I’ve seen a lot of pictures lately of priests standing in front of homes blessing the members of the household as they gather on the front porch or steps. I think that’s great! But we don’t have to wait for the pastor to come by to celebrate blessings.
Blessings come in many, many forms. A blessing has two purposes: to make us holy and to glorify God. All blessings are a form of God’s word. Blessings “say” that Christ is risen and all creation (especially the person or thing getting blessed) is a sign of new life in Christ.
It is especially important to know that blessings are sacramental (small “s”). In this time when we are isolated from celebrating the official Sacraments, celebrating sacramental blessings can be a great comfort. A blessing is always a promise from God to help us in our need. Through blessings, God reassures of us of God’s faithfulness to the promise to be with us always.
When you can give or ask for a blessing
Mostly, it is people who get blessed. But we also invoke blessings on objects and places that people use or inhabit. Even when we bless objects or places, however, the focus of the blessing is on sanctifying the people who use those things and on glorifying God.
For example, Christians are in the commendable habit of praying a blessing over a meal before we eat. But it is not the meal that is the main focus of the blessing. The focus is on God and God’s people. Pope Francis says:
That moment of blessing, however brief, reminds us of our dependence on God for life; it strengthens our feeling of gratitude for the gifts of creation; it acknowledges those who by their labors provide us with these goods; and it reaffirms our solidarity with those in greatest need. (On Care for Our Common Home, 227)
To be a “blesser” is to imitate God, the ultimate Blesser. The church teaches, “The ministry of blessing involves a particular exercise of the priesthood of Christ…” (Book of Blessings, General Introduction, 18). Each member of the priesthood of Christ — bishops, priests, deacons, and members of the faithful —have a ministry of blessing suited to their role in the Body of Christ.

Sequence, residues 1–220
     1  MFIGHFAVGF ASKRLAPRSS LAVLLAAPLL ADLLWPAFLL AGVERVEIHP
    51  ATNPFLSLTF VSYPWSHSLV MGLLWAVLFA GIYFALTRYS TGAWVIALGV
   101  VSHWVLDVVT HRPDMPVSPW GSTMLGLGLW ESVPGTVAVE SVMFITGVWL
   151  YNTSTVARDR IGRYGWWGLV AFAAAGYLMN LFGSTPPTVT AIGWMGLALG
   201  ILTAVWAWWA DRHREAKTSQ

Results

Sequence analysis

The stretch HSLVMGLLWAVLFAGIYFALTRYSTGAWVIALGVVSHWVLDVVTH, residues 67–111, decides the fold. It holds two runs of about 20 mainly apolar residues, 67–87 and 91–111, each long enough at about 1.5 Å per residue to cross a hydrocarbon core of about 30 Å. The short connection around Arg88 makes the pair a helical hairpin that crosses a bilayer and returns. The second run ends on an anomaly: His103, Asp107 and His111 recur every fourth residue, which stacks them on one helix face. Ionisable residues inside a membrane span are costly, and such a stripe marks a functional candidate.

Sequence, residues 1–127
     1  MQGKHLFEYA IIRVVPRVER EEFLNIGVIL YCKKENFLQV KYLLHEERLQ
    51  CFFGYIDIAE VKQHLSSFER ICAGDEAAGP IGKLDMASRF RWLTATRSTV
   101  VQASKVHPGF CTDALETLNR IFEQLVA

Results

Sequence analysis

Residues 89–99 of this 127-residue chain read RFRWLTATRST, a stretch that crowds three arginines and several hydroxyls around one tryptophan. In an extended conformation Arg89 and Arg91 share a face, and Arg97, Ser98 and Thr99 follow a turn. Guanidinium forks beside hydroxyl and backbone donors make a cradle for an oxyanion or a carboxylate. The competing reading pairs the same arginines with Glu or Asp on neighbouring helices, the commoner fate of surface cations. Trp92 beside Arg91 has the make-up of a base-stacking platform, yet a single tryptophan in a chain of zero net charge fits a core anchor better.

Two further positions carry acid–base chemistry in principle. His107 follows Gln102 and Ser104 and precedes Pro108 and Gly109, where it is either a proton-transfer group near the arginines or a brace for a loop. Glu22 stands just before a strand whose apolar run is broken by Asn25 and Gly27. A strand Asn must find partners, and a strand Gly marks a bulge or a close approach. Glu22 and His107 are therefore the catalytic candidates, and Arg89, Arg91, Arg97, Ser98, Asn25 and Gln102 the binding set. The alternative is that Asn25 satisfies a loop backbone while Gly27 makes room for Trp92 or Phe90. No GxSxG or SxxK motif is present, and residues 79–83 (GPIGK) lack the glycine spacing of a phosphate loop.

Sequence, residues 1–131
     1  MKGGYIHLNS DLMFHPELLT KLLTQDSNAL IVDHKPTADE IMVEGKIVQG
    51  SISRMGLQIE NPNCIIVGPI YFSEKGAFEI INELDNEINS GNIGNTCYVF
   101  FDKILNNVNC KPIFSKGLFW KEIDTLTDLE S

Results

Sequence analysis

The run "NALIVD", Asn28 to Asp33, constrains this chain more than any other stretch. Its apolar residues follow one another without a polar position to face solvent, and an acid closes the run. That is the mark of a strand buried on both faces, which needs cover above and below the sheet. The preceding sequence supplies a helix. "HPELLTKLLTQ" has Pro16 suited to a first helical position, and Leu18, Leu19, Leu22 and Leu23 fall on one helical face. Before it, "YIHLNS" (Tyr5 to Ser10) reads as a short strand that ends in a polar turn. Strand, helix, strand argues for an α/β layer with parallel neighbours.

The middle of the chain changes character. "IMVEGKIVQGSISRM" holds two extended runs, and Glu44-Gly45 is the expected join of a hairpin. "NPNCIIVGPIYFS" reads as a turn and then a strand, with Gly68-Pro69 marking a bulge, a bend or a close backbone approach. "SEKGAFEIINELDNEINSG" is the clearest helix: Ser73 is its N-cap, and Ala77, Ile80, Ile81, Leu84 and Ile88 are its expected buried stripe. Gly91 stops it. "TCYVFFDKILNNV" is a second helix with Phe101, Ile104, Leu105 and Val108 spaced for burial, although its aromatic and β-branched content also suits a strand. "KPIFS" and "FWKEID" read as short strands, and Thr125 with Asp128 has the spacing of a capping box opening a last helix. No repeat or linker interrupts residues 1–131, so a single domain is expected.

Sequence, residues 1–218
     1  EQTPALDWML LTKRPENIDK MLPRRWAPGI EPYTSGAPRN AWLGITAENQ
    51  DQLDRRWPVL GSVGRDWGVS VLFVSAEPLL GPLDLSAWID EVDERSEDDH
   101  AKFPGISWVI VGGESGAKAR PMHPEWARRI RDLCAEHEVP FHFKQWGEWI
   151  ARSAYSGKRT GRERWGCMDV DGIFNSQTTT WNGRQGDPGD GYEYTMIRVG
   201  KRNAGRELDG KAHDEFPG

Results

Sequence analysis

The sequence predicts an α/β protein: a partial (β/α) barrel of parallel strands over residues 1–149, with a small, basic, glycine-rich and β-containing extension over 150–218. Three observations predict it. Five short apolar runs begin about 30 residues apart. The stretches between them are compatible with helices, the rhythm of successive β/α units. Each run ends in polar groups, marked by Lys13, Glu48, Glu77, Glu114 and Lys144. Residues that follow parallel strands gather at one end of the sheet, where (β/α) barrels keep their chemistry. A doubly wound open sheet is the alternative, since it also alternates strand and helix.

Blessings in the domestic church
Within Christian households, parents should bless children, spouses should bless each other, housemates should bless their objects of veneration, and all should participate in the liturgical prayer of the domestic church.
For a longer explanation of how to use blessings in our homes, see this article, “Blessings for the Domestic Church,” by Diana Macalintal. In that article, she says:
Every Christian can bless, and it is in the home where Christian families “exercise the priesthood of the baptized in a privileged way” (Catechism of the Catholic Church, 1657). Through its own liturgical year, the domestic church gathers at special moments and at ordinary times as the familiar rhythm of prayer orders its days.
The Rite of Christian Initiation of Adults also includes an entire series of blessings for catechumens. In this time when initiation has been delayed for so many of our elect, we should be using the RCIA blessings to strengthen and encourage them as they await their full initiation into the Body of Christ. The rite says:
The blessings of the catechumens are a sign of God’s love and of the Church’s tender care. They are bestowed on the catechumens so that, even though they do not as of yet have the grace of the sacraments, they may still receive from the Church courage, joy, and peace as they proceed along the difficult journey they have begun. (95)
For a deeper look at how to bless catechumens, see this article that I wrote earlier, “15 occasions to bless an RCIA catechumen.”
Blessing the catechumens and candidates
And our friend, Michael Marchal, has written a blessing his community is using with the catechumens and candidates who gather via video conferencing to watch Sunday Mass. This is an excellent way to remind the rest of the parish that we still have seekers waiting for initiation or reception into full communion. And it can be source of strength and comfort for the seekers and their loved ones. To download a copy of the blessing, click on the button below.
Our entire life is a blessing, even in these difficult times. By making use of the church’s rich treasury of blessings, we can continue to pray, grow, and witness as a sacramental people.
How do you promote the sharing of blessings through your RCIA ministry? How do you practice it yourself in your own home, or with your friends? Share your thoughts in the comments below.